Amy E. Treat's research while affiliated with Oklahoma State University - Tulsa and other places

Publications (9)

Article
Full-text available
Theory and research indicate that adverse childhood experiences (ACEs) are linked to negative parenting attitudes and behaviors. We posit that protective and compensatory experiences (PACEs) in childhood buffer the negative effects of ACEs on later parenting. To test this premise, the present study examined associations between ACEs, PACEs, and att...
Article
This study investigated the associations between maternal depression when infants were 3 to 11 months old ( M = 6 months), and positive parenting behaviors when children were between 12 and 22 months ( M = 17 months) and the home language environment assessed when children were 18 to 28 months old ( M = 23.5 months) in a sample of 29 low-income mot...
Article
A child’s early language skills are one of the best predictors of academic success, and a number of community interventions have aimed to increase caregiver–child interactions to improve language development and related outcomes. This article describes ongoing community efforts in Tulsa, Oklahoma, and Philadelphia, Pennsylvania, aimed at enriching...
Article
The relationship between adverse childhood experiences (ACEs) and negative physical and mental health outcomes is well established (Felitti et al. [1998]. Relationship of childhood abuse and household dysfunction to many of the leading causes of death in adults: The adverse childhood experiences (ACE) study. American Journal of Preventive Medicine,...
Article
This study explored whether parents’ ability to regulate their behaviour and attention, assessed as components of everyday executive function (EF), was influenced by their past adverse experiences – such as abuse, neglect, and family dysfunction – and in turn, influenced current relationships with their children. The sample included 73 parent–child...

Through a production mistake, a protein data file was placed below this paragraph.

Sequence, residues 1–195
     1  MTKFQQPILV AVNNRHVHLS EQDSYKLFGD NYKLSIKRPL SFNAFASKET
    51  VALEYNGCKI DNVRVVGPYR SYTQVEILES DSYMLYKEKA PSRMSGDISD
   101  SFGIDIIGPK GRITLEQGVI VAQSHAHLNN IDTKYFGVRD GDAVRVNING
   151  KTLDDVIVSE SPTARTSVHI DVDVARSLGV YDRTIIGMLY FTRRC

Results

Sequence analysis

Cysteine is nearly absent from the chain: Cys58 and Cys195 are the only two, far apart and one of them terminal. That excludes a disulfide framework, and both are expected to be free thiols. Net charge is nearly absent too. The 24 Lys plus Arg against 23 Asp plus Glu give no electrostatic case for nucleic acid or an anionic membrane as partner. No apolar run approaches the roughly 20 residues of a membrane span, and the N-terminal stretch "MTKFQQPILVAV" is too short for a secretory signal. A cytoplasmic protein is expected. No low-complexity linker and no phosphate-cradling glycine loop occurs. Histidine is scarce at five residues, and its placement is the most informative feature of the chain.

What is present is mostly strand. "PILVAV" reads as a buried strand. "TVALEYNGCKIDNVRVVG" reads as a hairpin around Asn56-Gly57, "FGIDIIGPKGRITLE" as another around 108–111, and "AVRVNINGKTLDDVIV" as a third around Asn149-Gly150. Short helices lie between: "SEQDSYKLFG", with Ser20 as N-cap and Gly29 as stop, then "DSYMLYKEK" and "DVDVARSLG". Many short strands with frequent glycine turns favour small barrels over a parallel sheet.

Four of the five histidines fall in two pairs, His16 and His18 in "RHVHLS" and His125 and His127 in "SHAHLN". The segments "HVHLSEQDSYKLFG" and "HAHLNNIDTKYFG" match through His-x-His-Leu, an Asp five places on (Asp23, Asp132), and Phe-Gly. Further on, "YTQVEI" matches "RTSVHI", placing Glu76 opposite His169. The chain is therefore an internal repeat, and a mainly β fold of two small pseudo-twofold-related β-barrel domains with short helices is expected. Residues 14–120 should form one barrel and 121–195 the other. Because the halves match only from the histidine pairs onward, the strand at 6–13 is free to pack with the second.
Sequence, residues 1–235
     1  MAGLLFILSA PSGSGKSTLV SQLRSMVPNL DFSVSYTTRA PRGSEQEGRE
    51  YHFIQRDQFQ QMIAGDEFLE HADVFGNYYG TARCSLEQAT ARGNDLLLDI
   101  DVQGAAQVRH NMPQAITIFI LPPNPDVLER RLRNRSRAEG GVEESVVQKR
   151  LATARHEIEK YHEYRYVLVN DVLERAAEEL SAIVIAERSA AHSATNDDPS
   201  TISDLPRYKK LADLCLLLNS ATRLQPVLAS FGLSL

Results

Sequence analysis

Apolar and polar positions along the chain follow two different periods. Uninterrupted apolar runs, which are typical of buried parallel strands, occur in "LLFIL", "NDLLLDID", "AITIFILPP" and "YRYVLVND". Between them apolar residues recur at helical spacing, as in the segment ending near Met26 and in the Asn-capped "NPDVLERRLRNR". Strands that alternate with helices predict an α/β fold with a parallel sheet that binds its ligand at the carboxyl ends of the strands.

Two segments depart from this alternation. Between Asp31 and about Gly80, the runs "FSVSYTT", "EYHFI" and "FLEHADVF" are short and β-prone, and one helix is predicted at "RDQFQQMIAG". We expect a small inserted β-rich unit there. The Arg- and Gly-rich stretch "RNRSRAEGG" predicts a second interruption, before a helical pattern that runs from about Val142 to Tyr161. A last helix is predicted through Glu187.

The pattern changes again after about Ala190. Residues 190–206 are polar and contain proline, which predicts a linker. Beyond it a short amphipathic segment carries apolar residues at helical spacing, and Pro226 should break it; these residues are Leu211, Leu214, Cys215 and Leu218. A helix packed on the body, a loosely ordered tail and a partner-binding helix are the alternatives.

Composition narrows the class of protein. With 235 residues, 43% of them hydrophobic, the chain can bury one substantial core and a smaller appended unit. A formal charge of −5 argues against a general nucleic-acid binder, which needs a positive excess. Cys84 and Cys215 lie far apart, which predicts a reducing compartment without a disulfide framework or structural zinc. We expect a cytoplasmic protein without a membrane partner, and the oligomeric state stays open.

Chapter
In this chapter we provide an overview of the theoretical perspectives informing research and practice in early relationships, including attachment theory, psychodynamic theory, sociocultural theory, infant mental health, synchrony, the biopsychosocial model, and risk and resilience. This overview is followed by future directions for research and p...
Article
Parent adverse childhood experiences (ACEs) and caregiver reports of harsh parenting were examined in relation to the executive function (EF) abilities in young low-income children. Data were collected from 55 mother–child dyads; 17–40 months of age. Parent measures included the ACEs questionnaire and harsh parenting items from the Adult Adolescent...
Article
Full-text available
In this article, the authors posit that programs promoting nurturing parent–child relationships influence outcomes of parents and young children living in poverty through two primary mechanisms: (a) strengthening parents' social support and (b) increasing positive parent–child interactions. The authors discuss evidence for these mechanisms as catal...

Citations

... Propensity scores demonstrated strong predictive, construct, and discriminant validity, while the severity and diversity scores each only passed 2 of the 3 validity tests. Thus far, to our knowledge, this measure has been used and cited in one 2021 peer-reviewed publication (Morris et al., 2021). ...